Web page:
[Frankfurt, Germany] So, here I am again for my annual visitation at Christ the King. We have our young friend and two people here down in front, all looking at me rather fearfully! Today, we are going to baptize and receive these three people into the church, which is always a wonderful celebration for new members. They are making a commitment to join the congregation – to join the fellowship of this communion. In today's Gospel, Jesus speaks about commitment. It is a line only found in Luke. Jesus puts this in very absolute terms, echoing the story of Elijah and Elisha, where Elisha is chosen to replace Elijah, the wonder working prophet. Elijah comes to give him mantle as prophet, and Elisha says, “Wait, I have some business to do.” And so he kills the oxen and cooks them on the wood of his plow. That is commitment. He made a choice. “No one who puts his hand to the plow and turns back is fit for the kingdom of God “
It is a great pleasure to be back here in Wiesbaden at St Augustine of Canterbury. Today is a new chapter in the life of this congregation with the inauguration of the rectorship of the Rev. Christopher Easthill. Christopher has received my letter of institution, and he is charged with seeing that the Word is preached, the Sacraments are faithfully celebrated, the Faith is taught and that you are cared for in the name of Jesus Christ. Today’s Gospel is a very famous gospel with the gathering swine running off of the cliff and drowning in the water. I believe in Britain there is an expression that if you say something is gathering, it is a blind rush. This is a very peculiar gospel story. It is about an exorcism. The church has a rite of exorcism. It is found in the book of occasional services, which contains among other things the blessing of a home, the consecration of an altar . . .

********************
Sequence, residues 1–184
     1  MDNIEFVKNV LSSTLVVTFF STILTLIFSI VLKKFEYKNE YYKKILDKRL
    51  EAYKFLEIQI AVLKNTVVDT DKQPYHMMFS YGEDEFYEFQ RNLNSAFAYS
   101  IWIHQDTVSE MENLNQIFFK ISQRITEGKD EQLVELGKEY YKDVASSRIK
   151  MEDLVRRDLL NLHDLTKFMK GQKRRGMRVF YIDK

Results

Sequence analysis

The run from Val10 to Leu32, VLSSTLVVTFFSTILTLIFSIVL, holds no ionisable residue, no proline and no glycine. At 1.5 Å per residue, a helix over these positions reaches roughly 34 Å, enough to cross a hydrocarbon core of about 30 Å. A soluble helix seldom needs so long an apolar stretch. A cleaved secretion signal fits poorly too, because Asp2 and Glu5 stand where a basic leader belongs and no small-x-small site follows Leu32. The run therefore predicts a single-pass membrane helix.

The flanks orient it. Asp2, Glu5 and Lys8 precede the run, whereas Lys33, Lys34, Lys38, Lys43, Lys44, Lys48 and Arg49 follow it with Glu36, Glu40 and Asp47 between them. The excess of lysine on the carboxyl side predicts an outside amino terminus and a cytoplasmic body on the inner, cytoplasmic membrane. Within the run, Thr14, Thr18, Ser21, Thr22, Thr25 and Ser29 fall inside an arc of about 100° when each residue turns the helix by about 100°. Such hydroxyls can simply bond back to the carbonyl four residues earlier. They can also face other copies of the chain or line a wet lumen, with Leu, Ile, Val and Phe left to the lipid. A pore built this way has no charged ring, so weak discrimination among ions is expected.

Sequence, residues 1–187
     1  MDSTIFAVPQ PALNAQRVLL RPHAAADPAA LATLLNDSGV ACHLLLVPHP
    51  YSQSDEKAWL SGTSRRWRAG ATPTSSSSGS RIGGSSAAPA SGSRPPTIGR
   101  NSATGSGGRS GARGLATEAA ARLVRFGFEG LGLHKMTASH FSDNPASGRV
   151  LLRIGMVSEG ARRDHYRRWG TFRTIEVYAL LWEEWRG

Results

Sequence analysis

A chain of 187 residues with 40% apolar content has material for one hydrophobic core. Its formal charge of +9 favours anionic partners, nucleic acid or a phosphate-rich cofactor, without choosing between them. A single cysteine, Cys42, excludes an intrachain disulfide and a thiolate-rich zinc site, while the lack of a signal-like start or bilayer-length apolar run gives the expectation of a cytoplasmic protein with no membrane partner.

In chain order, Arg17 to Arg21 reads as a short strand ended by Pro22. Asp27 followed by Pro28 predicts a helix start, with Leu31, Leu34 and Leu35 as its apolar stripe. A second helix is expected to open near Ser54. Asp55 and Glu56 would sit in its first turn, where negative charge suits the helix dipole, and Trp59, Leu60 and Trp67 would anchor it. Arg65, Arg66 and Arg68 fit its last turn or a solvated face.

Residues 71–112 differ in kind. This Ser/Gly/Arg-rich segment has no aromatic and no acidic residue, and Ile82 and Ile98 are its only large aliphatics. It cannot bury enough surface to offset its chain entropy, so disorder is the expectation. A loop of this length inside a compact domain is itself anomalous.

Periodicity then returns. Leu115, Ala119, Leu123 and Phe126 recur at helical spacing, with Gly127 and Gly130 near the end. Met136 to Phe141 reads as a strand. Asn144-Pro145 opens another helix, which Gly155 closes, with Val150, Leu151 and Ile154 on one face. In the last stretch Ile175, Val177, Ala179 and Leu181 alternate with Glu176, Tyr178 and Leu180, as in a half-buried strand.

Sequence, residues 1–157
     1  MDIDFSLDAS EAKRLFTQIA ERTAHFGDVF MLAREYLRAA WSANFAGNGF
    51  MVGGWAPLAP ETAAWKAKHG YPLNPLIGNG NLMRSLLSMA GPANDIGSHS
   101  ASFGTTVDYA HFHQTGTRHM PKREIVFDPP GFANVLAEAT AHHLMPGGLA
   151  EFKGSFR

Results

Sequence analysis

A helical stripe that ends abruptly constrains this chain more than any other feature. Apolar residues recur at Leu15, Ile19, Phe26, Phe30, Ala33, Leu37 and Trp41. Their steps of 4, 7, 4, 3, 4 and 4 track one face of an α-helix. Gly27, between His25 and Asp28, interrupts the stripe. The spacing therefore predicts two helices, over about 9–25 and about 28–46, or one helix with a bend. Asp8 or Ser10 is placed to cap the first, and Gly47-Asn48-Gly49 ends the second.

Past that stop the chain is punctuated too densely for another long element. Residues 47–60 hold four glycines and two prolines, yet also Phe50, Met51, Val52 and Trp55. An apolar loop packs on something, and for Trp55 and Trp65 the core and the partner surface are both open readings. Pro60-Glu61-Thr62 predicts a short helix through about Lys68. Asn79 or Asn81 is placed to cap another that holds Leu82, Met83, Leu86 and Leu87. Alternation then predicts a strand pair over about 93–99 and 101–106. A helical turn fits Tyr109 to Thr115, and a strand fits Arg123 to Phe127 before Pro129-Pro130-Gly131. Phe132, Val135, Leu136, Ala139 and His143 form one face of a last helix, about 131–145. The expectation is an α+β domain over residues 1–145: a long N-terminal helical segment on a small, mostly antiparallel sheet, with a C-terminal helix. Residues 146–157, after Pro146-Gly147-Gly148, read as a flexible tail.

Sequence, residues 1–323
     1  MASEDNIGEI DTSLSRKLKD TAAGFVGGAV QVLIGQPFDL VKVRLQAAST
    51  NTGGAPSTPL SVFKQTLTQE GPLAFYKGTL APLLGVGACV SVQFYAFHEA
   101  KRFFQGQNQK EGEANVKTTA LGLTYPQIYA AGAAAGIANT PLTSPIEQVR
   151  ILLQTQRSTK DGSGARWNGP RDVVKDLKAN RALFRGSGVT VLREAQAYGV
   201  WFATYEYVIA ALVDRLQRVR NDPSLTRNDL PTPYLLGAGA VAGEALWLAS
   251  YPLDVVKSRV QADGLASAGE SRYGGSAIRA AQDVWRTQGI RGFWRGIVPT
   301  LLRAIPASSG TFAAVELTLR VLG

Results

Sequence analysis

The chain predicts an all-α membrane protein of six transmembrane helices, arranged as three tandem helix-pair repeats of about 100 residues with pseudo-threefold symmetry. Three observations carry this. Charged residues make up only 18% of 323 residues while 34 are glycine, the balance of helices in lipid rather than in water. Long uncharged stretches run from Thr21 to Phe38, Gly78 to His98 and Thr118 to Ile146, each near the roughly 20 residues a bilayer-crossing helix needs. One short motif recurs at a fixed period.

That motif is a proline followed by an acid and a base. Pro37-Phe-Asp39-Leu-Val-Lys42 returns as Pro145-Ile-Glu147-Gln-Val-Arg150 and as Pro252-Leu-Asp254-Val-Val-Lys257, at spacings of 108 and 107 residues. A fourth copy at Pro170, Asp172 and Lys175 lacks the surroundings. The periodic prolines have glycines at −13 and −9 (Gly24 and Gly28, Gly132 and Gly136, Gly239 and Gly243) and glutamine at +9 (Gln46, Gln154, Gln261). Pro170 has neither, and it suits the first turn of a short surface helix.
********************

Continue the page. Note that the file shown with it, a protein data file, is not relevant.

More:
Ring, ring. Sorry to disturb you presiding bishop, but I am calling from All Saints’ Church Waterloo, Belgium. Today we had a visit from Bishop Pierre. Something very strange happened that we felt that we had to report to you. A woman came running into the church. She fell at his feet. She began kissing his feet while she wept, and after she got his feet good and wet, she wiped them off with her hair. Then, she got out some perfume! Well. . .what would you think if such a thing had actually happened at today's service? In today's reading, Luke 7: 36 - 8: 3, we find one of those incredibly dramatic moments found in the gospel, and it’s full of things that ordinarily we don’t quite understand. There is this town -- it is not really named, and then there is this fellow named Simon -- there are nine Simons in the New Testament -- who invites Jesus to his home. There, Jesus encounters this woman. . .